Many install undersized units, fail to run them, etc. Mold & mildew spores are everywhere in the air. When they find a damp, poorly ventilated, soiled surface, they settle in. Mildew prone areas need to be disinfected and thoroughly cleaned. Application of a spray disinfectant like Lysol can also keep mildew abay. Once you install the vent/fan unit, make sure it runs for at least 20 minutes after showering/bathing to eliminate humidity from the bathroom.

In the meantime, shower with the bathroom door open. I live in a rental with an undersized vent/fan unit. When I turn it on it sounds like a Briggs & Stratton lawn mower engine. Of course, I shower with door open and keep all surfaces disinfected. No problemo with mold and mildew without running fan. Of course, the bathroom is extremely clean, but I refuse to dwell on the the noisy fan, poor construction, damaged vinyl floor, poor caulking, dripping faucets, hideous and moisture damaged mirror, dated light bar, damage to fiberglass shower tub unit by previous renters, etc.

The point is to keep all surfaces clean and disinfected, improve air circulation, and reduce humidity. If privacy is not a major issue, keep the bathroom door open.
 
  #7  
Old 05-25-07, 11:40 PM
Sly Bald Guy's Avatar
Member
Thread Starter
Join Date: May 2007
Posts: 4
Received 0 Votes on 0 Posts
Thanks for the advice twelvepole!
 
  #8  
Old 05-26-07, 05:09 AM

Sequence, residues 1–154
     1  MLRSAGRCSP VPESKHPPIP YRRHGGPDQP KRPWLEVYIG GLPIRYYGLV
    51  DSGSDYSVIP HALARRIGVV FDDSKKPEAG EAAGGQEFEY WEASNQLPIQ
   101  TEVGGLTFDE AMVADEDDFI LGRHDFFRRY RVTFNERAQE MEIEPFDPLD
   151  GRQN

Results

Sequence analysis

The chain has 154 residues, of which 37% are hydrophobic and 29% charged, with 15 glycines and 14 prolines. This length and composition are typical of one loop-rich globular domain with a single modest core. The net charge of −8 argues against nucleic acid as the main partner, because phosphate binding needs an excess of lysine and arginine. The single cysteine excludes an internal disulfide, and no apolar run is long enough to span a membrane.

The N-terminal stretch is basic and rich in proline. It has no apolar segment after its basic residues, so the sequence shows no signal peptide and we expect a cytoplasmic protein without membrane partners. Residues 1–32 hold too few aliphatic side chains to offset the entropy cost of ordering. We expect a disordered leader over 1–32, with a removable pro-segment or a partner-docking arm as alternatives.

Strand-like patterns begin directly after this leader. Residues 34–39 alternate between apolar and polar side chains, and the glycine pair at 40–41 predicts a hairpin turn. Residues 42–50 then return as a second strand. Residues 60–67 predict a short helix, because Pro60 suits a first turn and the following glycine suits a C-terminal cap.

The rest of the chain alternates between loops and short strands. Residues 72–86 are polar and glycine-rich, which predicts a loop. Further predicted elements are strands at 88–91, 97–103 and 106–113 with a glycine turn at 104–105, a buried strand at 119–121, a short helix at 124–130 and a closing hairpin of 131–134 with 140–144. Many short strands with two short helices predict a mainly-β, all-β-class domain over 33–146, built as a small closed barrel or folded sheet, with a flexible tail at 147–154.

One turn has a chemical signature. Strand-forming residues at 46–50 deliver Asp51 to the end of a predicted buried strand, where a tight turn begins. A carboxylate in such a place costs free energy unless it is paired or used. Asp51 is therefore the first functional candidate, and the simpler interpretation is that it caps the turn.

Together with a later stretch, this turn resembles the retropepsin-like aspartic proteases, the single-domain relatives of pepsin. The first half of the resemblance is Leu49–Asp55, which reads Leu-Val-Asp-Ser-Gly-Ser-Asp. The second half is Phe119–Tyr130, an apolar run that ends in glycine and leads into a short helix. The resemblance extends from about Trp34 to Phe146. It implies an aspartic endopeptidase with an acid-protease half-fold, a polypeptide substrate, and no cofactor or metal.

M
Forum Topic Moderator
Join Date: Mar 2005
Location: USA - N.E.Tn
Posts: 47,837
Received 361 Votes on 318 Posts
Remove all the mold/mildew that you can, sand and skim coat the low areas with joint compound, prime and top coat with a K&B paint or atleast add extra mildewcide to your enamel. You may want to wear a mask while you clean and sand - especially if you have allergies or other health problems.
 
  #9  
Old 05-26-07, 09:28 AM
D
Member
Join Date: Feb 2004
Location: United states
Posts: 276
Received 0 Votes on 0 Posts
Talking

Also, be careful when putting your dehumidifier in the bathroom - please make sure that it is well grounded - remember moisture and electrical appliances don't play happy together....
I think the fan in the hallway would be the best option, along with showering with the door open...

Blessings,
 
  #10  
Old 06-02-07, 04:45 AM
R
Member
Join Date: Dec 2006
Posts: 58
Received 0 Votes on 0 Posts
Hello,

Kind of OT but:

"Of course, the bathroom is extremely clean, but I refuse to dwell on the the noisy fan, poor construction, damaged vinyl floor, poor caulking, dripping faucets, hideous and moisture damaged mirror, dated light bar, damage to fiberglass shower tub unit by previous renters, etc."

You seriously need to find a decent landlord. Some of us (landlords) actually do take no small measure of pride in the condition of our rentals. We recently spent ~ $800.00 in improvements to what was otherwise an "ok" to "pretty decent" bathroom on our most recent buy.
- new vinyl floor.
- new Moen fixtures.
- new FG tub surround.
- tore the old tile & drywall down to the studs and replaced it with cement board.
- new medicine cabinet - sink - vanity. The old light fixture passed muster though.
(sorry to climb on the soapbox - "rotten landlords" are a pet peeve since they give all of us LL a bad rep)


"Also, be careful when putting your dehumidifier in the bathroom - please make sure that it is well grounded - remember moisture and electrical appliances don't play happy together.... "

GFI - ground fault interruptor - will "fix" that.
As far as I know, it's code to have one within 10 feet of any water source.
In our rentals, we take it a step further and GFI protect just about everything.
 
 

Thread Tools
Search this Thread
 
Ask a Question
Question Title:
Description: